These are the type of foods we don’t usually expect to go off and most times there’s this little voice in our head that tells us, we can store them for long but these next 6 foods are ones we suggest you never buy in bulk.
If you’re someone who’s not big on shopping lists, then we are sure you have ended up at home with spices you already have. Although spices do not go bad, they do lose their effectiveness over time, so it would be a good idea to go and have a look at your spice rack and throw out those old spices sitting at the back of your cupboard.
Shelf life: 6 months to a year.
We know how it goes, we can’t live without coffee and with so many different coffee beans and flavours coming out, we are guilty of maybe over-indulging and buying every new type we see. But just so you know, coffee beans won’t go bad but after a while they lose their aromas and flavouring and by then you won’t be able to enjoy your favourite cup of coffee.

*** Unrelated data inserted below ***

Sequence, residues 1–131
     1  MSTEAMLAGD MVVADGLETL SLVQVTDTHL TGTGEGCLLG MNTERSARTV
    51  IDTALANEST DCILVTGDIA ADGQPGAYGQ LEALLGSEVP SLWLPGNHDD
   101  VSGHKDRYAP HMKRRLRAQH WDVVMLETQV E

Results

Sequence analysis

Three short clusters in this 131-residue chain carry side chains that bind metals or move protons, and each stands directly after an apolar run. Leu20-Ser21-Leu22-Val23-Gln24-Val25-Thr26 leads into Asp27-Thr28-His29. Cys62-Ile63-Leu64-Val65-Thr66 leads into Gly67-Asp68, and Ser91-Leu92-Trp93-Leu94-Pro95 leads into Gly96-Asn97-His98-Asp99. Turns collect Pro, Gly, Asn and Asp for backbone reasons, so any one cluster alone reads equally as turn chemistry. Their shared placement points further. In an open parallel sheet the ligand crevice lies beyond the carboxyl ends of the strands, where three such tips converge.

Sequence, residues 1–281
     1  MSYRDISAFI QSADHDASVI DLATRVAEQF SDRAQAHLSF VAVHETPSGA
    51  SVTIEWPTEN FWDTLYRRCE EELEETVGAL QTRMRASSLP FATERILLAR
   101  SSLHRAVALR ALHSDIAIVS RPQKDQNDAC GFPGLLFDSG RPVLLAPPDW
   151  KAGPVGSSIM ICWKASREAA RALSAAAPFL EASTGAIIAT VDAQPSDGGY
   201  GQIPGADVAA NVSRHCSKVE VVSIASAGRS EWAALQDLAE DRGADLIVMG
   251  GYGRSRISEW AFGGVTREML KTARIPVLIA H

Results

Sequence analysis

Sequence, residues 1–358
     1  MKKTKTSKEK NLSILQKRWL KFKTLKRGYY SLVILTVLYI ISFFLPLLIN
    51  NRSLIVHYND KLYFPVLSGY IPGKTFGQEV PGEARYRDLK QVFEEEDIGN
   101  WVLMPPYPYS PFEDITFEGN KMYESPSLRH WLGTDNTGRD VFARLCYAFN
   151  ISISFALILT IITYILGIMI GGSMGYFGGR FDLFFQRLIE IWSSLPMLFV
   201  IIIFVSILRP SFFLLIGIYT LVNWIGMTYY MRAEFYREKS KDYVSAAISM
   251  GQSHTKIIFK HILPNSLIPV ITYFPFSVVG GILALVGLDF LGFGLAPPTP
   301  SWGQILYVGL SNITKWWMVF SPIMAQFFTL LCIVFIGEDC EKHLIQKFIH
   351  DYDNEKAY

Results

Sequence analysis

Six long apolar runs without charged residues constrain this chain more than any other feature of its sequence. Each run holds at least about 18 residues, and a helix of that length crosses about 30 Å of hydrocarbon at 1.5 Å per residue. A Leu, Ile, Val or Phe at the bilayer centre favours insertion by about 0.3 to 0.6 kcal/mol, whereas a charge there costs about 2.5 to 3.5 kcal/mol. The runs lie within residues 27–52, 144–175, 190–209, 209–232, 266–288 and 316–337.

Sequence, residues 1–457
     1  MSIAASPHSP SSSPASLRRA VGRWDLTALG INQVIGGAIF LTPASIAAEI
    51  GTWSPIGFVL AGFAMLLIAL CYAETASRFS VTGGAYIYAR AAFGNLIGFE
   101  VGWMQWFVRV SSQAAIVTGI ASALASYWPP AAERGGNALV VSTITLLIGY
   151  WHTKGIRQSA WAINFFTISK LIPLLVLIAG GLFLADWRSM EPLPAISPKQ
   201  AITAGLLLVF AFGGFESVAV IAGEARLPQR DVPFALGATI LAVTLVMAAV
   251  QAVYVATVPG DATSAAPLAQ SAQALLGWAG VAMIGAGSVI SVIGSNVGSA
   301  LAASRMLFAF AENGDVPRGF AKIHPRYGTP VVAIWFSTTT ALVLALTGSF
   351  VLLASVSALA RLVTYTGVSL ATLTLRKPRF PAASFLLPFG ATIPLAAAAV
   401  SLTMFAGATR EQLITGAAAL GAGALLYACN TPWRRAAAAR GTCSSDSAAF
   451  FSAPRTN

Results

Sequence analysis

Shelf life: Try to use within two weeks of purchase.
A staple in every household, oil is usually the first ingredient we reach for when it comes to cooking, frying or sautéing. We obviously never want to run out of this very important ingredient, so we always make sure we have not one, but maybe two bottles of oil, just in case. According to Eat by Date, the shelf life of oil depends on the best before date and how it is stored.
Shelf life: 3 to 6 months.
Eggs are great for breakfast and for baking and can be stored outside or in your fridge. So which is better? Storing it outside the fridge or inside? The American Egg Boardsays raw whole eggs in their shells will last about 3 weeks from the date of purchase in your refrigerator.
Shelf life: 3-5 weeks.
Just because stores stock shelves and shelves of tomato sauce, mayonnaise and all sorts of condiments – it doesn’t mean they don’t have an expiration date. Just like a car looses value as soon as it leaves the dealership, the same goes for condiments, as soon as you take that bottle home and open it the shelf life is shortened.
Shelf life: 6 months to a year
fruits and veggies
Now unless you are meal prepping or planning on baking banana bread with all those bananas, most produce won’t stay fresh past a week. And sometimes it goes bad in just a few days. So, if you’re buying in bulk a good way to use your fruits and veggies is to put them into smoothies or freeze them to increase their longevity.
Shelf life: 1 week.
What other foods do you avoid buying in bulk?